According to The Private and Social Costs of Patent Trolls, a new study published by the Boston University School of Law, patent trolls are responsible for $500 billion of “lost wealth” between 1990 and 2010, and for a decline in innovation. The study defines patents trolls as “firms that license patents without producing goods,” otherwise known as non-practicing entities. The researchers have found patent trolls, typically smaller firms, often sue large companies for technology patent infringement to make a quick buck. The lawsuits have resulted in an average of $80 billion of lost wealth per year during the last four years. Read on for more. More →
During his Embedded System Conference Silicon Valley keynote recently, Apple co-founder Steve Wozniak took some time to rag on Paul Allen’s decision to sue Apple, Google, and other companies over patent infringement. “Paul Allen should be out there investing in companies that are doing something, making products, actually making a new future for the world, and not ‘I’m going to sue people, and get in bed with the lawyers to make my money.’ That’s not the right way,” Wozniak said, according to The Register. Wozniak referred to Allen’s strategy as a “patent-troll thing,” and said “any fifth grader could come up with the same approach.” Woz also said he was so perturbed by the Allen’s lawsuit binge — and the big company strategy of paying engineers to file for patents long before the tech is actually available – that he decided to bail on the Microsoft co-founder’s speech at the Computer History Museum to instead indulge in some Marie Callender’s pea soup with friends. More →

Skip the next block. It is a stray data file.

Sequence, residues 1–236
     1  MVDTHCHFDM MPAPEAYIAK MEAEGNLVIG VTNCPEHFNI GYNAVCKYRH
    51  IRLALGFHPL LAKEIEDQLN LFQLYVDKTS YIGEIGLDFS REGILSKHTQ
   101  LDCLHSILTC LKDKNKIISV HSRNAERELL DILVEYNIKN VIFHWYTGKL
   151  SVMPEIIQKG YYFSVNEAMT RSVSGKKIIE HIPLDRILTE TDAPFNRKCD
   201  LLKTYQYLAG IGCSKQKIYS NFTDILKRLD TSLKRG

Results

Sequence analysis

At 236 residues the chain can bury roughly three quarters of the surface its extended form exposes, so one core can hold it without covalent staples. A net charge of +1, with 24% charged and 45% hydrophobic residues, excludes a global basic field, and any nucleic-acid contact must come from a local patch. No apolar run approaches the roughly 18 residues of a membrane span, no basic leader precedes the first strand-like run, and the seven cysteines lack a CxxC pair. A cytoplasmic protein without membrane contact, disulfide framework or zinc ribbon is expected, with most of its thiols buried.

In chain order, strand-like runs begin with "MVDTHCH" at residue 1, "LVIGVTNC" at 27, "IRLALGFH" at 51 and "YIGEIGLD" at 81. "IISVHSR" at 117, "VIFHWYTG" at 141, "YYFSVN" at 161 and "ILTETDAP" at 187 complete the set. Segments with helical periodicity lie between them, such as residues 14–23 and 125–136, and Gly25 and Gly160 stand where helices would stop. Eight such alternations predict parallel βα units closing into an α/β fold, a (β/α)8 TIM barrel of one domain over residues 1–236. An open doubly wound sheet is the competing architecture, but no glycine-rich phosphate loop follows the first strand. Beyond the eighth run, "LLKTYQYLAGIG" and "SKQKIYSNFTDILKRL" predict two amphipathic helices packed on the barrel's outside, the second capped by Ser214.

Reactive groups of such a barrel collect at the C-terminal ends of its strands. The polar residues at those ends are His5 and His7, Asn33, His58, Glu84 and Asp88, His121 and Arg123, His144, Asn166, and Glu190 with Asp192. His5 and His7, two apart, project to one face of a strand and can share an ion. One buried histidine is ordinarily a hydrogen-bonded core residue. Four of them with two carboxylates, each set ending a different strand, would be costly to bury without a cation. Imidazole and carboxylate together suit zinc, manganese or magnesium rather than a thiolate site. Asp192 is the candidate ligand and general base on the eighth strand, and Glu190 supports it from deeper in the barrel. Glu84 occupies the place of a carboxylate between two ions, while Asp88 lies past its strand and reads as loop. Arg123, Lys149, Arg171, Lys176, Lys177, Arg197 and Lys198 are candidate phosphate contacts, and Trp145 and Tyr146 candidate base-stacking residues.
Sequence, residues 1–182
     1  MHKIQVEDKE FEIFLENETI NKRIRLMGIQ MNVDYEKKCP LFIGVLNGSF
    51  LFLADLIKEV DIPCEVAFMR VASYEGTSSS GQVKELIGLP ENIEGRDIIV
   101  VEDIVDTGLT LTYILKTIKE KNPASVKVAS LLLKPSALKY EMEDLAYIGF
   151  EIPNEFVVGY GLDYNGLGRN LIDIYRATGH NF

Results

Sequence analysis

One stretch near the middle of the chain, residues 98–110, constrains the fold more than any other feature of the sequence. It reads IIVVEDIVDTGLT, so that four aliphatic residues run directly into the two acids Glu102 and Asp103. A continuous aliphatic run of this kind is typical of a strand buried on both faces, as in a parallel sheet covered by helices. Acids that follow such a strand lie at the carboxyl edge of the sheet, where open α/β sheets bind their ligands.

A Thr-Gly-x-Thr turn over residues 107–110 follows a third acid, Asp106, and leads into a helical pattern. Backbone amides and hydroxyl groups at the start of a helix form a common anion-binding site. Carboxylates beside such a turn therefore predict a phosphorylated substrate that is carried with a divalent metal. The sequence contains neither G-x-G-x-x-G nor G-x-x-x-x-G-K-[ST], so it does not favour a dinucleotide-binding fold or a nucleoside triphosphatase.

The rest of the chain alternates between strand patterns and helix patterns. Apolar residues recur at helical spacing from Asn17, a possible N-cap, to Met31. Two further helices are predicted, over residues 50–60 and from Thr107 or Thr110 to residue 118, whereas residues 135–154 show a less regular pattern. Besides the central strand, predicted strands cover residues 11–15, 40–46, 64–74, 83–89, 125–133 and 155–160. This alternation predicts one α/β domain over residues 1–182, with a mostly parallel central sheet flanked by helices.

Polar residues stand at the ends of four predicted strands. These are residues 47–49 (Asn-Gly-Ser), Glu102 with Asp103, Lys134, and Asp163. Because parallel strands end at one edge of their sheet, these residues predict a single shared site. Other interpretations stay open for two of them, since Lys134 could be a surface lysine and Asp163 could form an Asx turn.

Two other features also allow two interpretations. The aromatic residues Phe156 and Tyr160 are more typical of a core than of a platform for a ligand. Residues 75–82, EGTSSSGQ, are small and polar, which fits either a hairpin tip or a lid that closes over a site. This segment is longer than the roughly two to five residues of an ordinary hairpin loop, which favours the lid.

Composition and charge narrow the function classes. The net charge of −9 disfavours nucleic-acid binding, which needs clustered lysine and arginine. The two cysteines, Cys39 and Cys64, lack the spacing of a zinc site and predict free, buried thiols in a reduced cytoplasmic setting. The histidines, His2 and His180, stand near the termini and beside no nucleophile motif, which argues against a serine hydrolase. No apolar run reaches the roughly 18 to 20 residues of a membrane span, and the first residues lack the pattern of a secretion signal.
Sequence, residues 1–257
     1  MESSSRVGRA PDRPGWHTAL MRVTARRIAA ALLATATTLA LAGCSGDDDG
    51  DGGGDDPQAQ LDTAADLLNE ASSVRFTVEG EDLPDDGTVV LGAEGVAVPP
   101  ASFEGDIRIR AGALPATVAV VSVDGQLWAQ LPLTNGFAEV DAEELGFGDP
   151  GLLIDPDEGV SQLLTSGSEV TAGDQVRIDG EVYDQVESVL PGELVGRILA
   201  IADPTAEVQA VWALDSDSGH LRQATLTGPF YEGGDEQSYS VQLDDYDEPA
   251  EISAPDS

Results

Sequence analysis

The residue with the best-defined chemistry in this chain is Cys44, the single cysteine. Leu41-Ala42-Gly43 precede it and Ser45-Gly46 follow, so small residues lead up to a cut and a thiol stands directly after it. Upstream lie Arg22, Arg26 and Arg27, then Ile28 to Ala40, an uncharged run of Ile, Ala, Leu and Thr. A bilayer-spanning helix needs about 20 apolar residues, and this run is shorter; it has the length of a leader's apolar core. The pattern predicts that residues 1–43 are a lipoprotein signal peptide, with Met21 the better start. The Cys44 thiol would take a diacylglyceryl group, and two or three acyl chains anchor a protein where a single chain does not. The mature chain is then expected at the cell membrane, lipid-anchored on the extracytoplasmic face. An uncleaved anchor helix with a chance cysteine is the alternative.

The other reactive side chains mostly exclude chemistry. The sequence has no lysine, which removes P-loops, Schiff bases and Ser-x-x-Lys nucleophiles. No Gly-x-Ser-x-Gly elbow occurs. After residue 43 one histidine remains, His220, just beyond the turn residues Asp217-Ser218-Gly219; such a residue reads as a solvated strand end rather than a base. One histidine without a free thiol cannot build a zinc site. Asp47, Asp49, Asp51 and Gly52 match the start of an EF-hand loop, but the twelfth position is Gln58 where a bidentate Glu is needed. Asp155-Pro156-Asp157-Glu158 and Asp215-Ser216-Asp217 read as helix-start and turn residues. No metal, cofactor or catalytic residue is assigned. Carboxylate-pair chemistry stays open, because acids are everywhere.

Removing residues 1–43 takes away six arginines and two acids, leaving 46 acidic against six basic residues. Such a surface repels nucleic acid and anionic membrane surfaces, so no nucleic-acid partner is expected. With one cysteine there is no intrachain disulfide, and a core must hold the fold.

Before you get uppity about having us call Klausner Technologies a patent troll, consider what they’ve been doing since their invention of the PDA: Suing everyone under the sun who has used visual voicemail. What else can you do when you’re no more than a one-hit wonder and your cheap Flash website offers nothing more than visual voicemail licensing information (which does nothing but give you their email address for inquiries)? After being successful with their suits against AT&T, Apple, and Comcast in the past, it seems they’re out for a little more cash and have targeted Verizon. With the prior success (read settlements) of past lawsuits, their action against Verizon was pretty much guaranteed $$$. While financial details of the settlement haven’t been disclosed, it’s pretty clear that Klausner is going to get a pretty penny looking at their history. We really don’t have a problem when people get sued over using someone else’s product without proper licensing (Nokia + Qualcomm) but we take major issue with patent trolls; they do nothing but act as a large speed bump to companies who are putting out technologies and services we like.